There are plenty of books out there in which a group of high school students end up accidentally, or otherwise, killing either a classmate or a schoolteacher. Usually there's a great amount of build up to the event. Maybe it's a mystery that you reach at the end. Maybe the kids are innocent of the crime and it's all about clearing their names. In the case of "Shattering Glass", however, the protagonist Young Steward does away with any and all misunderstandings right from the start. "Simon Glass was easy to hate. I never knew exactly why, there was too much to pick from. I guess, really, we each hated him for a different reason, but we didn't realize it until the day we killed him". And we're off!
Four good buddies, Young, Rob, Bob, and Coop are the top of the pecking order at B'Vale High School. They're handsome, popular, and all around respected fellows. Rob is the unquestioned leader of the group, so when he proposes a crazy quest nobody raises any objections. Rob has honed in on one Simon Glass, the resident loser of the school. Glass is fat, uncool, and socially backward. For Rob the ultimate challenge becomes the success of Simon Glass. He becomes obsessed with it, using all his charm and resources to persuade people to help him in his crazy scheme. Ever the follower, Young doesn't question Rob's goals. Not even when he discovers the dark secret hiding in his best friend's past. By the time the book reaching its horrifying conclusion you've already learned what happens to the four friends and the unfortunate Simon Glass.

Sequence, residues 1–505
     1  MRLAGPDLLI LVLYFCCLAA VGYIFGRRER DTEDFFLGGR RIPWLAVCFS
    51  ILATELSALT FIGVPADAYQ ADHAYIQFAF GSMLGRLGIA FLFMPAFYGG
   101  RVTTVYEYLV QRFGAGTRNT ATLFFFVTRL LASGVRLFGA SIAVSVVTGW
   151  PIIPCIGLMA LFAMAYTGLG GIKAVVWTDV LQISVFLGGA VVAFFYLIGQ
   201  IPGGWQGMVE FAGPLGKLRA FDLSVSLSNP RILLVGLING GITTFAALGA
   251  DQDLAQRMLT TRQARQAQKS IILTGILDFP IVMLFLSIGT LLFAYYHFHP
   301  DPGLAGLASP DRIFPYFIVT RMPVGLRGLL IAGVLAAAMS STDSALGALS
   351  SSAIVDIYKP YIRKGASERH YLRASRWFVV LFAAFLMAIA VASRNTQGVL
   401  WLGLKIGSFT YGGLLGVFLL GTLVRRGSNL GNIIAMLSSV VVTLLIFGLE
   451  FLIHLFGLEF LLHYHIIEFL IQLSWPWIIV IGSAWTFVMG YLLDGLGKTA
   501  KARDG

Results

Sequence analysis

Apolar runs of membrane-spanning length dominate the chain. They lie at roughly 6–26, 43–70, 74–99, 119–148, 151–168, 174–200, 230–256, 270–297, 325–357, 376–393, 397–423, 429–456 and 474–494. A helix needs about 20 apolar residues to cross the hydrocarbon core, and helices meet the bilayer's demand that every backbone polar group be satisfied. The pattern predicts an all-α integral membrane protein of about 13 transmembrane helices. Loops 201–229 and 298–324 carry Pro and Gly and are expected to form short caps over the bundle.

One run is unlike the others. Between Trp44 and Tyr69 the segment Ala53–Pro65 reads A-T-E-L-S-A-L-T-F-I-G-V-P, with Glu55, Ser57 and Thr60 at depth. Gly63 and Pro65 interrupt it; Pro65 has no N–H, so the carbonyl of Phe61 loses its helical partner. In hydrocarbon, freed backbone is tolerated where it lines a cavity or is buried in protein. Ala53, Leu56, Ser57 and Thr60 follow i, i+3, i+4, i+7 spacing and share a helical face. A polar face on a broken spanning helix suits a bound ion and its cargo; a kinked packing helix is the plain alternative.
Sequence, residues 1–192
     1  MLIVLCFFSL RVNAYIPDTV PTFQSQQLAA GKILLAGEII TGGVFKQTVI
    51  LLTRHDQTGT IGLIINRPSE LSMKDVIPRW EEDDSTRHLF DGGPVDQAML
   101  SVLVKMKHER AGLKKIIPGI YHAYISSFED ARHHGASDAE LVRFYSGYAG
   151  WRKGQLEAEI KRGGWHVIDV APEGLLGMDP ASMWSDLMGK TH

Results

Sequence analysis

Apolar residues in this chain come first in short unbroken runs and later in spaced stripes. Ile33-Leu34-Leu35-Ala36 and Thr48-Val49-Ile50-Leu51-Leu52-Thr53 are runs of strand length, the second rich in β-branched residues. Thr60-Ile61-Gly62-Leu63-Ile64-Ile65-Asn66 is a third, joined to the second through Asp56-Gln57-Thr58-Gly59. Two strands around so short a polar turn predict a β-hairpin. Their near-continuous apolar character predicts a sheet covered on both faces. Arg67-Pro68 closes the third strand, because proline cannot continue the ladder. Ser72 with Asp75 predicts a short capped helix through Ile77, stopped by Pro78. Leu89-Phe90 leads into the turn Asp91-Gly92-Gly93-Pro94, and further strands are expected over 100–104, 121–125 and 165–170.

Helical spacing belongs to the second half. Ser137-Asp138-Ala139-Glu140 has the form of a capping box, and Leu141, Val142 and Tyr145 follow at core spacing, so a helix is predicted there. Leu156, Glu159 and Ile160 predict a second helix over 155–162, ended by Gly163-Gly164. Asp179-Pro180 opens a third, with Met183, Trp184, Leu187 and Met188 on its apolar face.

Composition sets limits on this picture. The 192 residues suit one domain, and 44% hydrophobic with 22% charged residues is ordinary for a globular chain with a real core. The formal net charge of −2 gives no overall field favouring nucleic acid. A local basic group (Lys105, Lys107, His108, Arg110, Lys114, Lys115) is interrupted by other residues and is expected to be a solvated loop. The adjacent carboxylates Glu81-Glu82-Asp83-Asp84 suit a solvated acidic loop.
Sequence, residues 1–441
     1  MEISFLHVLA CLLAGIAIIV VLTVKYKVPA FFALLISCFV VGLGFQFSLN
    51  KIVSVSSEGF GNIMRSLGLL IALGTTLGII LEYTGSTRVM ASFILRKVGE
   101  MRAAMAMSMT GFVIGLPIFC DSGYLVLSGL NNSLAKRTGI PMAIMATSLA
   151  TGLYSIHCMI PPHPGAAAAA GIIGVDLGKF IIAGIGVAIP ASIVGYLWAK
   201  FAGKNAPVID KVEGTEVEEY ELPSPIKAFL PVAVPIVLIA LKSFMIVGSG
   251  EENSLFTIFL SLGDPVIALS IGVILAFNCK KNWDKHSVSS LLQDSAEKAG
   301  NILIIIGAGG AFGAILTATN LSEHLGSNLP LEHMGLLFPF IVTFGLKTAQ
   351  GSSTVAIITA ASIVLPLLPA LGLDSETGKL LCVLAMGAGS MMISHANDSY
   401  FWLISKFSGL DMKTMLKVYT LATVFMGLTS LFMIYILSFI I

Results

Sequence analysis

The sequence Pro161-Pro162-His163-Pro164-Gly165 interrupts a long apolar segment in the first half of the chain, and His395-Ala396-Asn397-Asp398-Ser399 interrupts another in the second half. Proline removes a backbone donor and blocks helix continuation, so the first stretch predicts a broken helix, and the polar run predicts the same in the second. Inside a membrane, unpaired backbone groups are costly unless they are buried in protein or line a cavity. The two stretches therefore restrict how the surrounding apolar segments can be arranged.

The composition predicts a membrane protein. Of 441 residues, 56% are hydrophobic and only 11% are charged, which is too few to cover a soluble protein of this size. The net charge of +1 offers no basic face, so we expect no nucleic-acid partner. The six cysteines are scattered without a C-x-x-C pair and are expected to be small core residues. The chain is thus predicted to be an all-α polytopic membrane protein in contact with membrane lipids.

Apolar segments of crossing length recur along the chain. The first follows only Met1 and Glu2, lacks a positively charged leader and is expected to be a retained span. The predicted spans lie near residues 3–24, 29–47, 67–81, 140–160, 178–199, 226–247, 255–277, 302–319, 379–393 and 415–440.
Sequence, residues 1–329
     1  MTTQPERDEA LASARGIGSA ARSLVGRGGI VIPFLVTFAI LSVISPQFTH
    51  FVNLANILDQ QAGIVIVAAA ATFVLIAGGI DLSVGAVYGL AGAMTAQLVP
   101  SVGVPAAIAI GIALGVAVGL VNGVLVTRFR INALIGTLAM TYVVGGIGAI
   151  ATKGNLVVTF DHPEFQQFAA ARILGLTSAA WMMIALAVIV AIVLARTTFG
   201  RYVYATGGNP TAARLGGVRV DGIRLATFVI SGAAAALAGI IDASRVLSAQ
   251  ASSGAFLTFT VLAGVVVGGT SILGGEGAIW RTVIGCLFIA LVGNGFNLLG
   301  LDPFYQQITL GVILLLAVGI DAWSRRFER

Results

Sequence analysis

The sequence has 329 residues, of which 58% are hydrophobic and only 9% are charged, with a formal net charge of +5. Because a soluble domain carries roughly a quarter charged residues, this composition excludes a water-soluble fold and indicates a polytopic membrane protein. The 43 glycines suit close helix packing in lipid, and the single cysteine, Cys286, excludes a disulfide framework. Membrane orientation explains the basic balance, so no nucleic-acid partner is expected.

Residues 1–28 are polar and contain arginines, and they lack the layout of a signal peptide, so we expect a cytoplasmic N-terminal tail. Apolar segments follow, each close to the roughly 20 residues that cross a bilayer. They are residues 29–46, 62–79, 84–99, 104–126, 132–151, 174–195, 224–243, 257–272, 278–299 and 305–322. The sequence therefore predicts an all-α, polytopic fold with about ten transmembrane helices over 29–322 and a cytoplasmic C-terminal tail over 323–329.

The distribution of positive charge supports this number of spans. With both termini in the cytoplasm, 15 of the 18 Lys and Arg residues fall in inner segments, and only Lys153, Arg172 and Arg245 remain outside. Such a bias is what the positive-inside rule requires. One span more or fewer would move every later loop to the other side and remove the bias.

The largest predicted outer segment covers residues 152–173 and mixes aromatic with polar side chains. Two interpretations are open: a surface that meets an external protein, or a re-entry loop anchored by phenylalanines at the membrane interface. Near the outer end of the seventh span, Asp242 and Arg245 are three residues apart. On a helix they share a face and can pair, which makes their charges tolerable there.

The book isn't a whodunit. It's a towhatextentdunit. By reading the little quotes that appear at the beginning of each chapter the reader begins to get a sense of what happened the night of Simon's death. The question isn't what happened so much as it is, "Who was involved?". It's more, "To what extent was Young involved?". Giles is the master of the slow reveal. She gives us just enough information throughout the story to be interested. Then she'll toss in the occasional tantalizing detail just to suck us deeper into the story. Best of all, Giles never creates a character without there being some kind of backstory involved. If someone does something cruel or unfeeling, you can probably bet they've their own problems hidden away somewhere. What I liked best of all was the character of Glass himself. Simultaneously a victim and a victimizer, the object of everyone's attention turns out to be far cannier than anyone ever suspected. In a way, I saw this book as a kind of updated "The Chocolate War". In both cases a charming teen at the height of his school's society feels a need to keep himself at the top of the pecking order through the rigid control of others. The only difference is, in "The Chocolate War" the villain decides to destroy a fellow student. In this book, he aims to recreate him. And the results are almost identical.
Giles has debuted with a powerful first novel. The book isn't, for the record, actually as good as "The Chocolate War", but it is the rare young adult novel that makes you think. There's a lot of power behind Giles' words and her characters are a fascinating study. As a former substitute teacher, she's aware of her subject matter and their social constraints. Best of all, the book never falls into that old trap of an adult writing for teens and including lots of "hip" teen slang. The closest this book ever comes to slang is the occasional "Yo!". I can live with that. In the end, "Shattering Glass" deserves its praise. It may not be the nicest book about teen popularity out there, but it's certainly not the cruelest.